Imagining Auckland with no harbour bridge except perhaps as a local road, with a tunnelled rail crossing, to me is a vision of pleasant, medium-density, suburbs on the shore linked by light rail lines to ferry terminals and heavy rail stations. Instead we got Albany, Wairau Road, Spaghetti Junction and gridlock.

      If a fraction of the money spent over the decades on roads had been spent on rail we would have not only a pleasant, walkable metropolis but also fast and frequent intercity and intraregional rail links, including to such places as Matamata, Morrinsville, Cambridge, Whakatane etc etc.

        1. The original motorway plan was for state highway 1 to basically follow the route of SH20 from Penrose to Pt Chev, then up the northwestern motorway and SH18 to cross over to Albany.
          That is why the northwestern was built first, it was intended to me the main (and only) motorway to the north.

          Access into the city was to be by great north and great south roads respectively, and the harbour bridge was designed for a similar role. It was supposed to be for trips between the north shore and the central area only, the state highway through traffic was intended to run on the motorway around the top of the harbour.

          The change came when the bridge agency became very concerned they wouldn’t have enough traffic to pay the required level of tolls if the highway was a bypass. The plans were changed to put the bypass motorway on the back burner and to push the main motorway through to the harbour bridge. This necessitated large motorway interchange in the city centre which they tied up with slum clearance (luckily they didn’t demolish all the slums, or we would have no Ponsonby or grey Lynn today!).

          Without the change to push motorways through the centre we would have ended up like Melbourne, motorways skirting the city and connecting to the hinterland, but not running through the CBD. People driving to the central area do so on arterial roads, and yes, that includes trucks. Melbournes port is far larger than ours and didn’t get a motorway link until the early 2000s.

          1. I guess the arterialization of urban main roads is better for the urban fabric. I guess. There are some darned ugly urban arterials in Australia. Victoria Rd Drummoyne in Sydney comes to mind.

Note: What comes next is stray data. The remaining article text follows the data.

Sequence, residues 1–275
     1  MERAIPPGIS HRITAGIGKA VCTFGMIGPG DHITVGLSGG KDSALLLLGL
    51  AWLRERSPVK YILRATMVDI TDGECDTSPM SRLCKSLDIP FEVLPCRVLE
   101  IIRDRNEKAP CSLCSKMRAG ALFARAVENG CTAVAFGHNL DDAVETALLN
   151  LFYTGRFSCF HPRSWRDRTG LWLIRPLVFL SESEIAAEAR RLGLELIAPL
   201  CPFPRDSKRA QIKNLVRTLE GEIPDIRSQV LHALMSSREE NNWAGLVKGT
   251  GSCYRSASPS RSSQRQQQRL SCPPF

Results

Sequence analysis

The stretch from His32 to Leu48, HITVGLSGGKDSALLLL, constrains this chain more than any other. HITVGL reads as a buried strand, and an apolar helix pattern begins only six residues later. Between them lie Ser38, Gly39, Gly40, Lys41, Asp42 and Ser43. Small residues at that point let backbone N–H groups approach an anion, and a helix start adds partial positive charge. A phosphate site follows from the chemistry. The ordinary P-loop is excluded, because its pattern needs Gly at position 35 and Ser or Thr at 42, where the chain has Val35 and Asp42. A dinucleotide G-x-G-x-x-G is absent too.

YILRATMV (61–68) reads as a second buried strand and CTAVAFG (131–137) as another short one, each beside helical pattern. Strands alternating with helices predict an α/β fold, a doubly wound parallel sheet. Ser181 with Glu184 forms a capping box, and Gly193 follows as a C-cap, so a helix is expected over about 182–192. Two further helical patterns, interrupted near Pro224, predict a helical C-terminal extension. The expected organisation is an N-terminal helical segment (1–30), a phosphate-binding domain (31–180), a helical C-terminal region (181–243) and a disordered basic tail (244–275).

I think the demand line of commuting goes over the bridge. Surely most of the volume is commuting? And that would drive heavy arterialization through the city with corresponding lack of amenity on those routes – nelson-hobson-fanshawe are bad enough as it is, without motorways Quay to Nelson-Hobson becomes the arterial to the port. Not perfect, for sure.

          2. And there are some great atrerials too. Melbournes avenues and boulevards are fantastic streets. Melbourne widened its main roads into boulevards in the 1950s and 60s. We demolished swathes of the city for motorways, and widened our main roads into motorway feeders instead.

            Yes the volume of traffic on the bridge is mostly commuting, but it wouldn’t necessarily be if they hadn’t built the bridge and linked it through to the motorways as SH1. The fact they did build that infrastructure is what let people move to the north shore but still work in ellerslie or wherever. With different infrastructure the travel patterns would be different. We built big regional motorways through our city centre, and surprise surprise, we get a lot of through traffic on motorways through the city centre.

            On the topic of the port, it really isn’t a major driver of traffic. On The Strand leading to the port only 7% is truck traffic, the other 93% is just general car traffic.

            Interesting you bring up Nelson and Hobson, they used to be nice normal city streets, it’s the conversion to one way couplets to feed traffic off the motorway what screwed them up.

          3. Well Nick I think you are romanticizing arterials into boulevards…and Paris will disabuse you of the romantic ideal of boulevards, too. But anyway I see the idea you are suggesting.

          4. The thing is its easy to build good atrerials as boulevards, indeed it’s easy to turn atrerials into boulevards. It’s not like fanshawe st and great north Rs don’t have the width, and indeed the various corridor management plans propose exactly that.

            It is, however, very hard to make a motorway anything but a motorway, and doubly so for motorway interchanges.

    2. I’m not sure why people make such a big deal about trucks.

      Trucks can easily be moved in a very small space. What if we’d built a smaller motorway instead, and ran it as a toll road to encourage only vital use?

      Or truck/bus lanes out of the city could have moved many people. It’s not like central London collapsed due to lack of motorways (in fact all European cities seemed to do a lot better than their US counterparts for avoiding massive urban motorways).

  9. Yes when I think about the wonderful bush that used to grow in the Queen Street gulley I get tears in my eyes. Imagine if those people hadn’t been so greedy and just wanted places for employment and commerce we could have had two large bush clad areas doing nothing at all.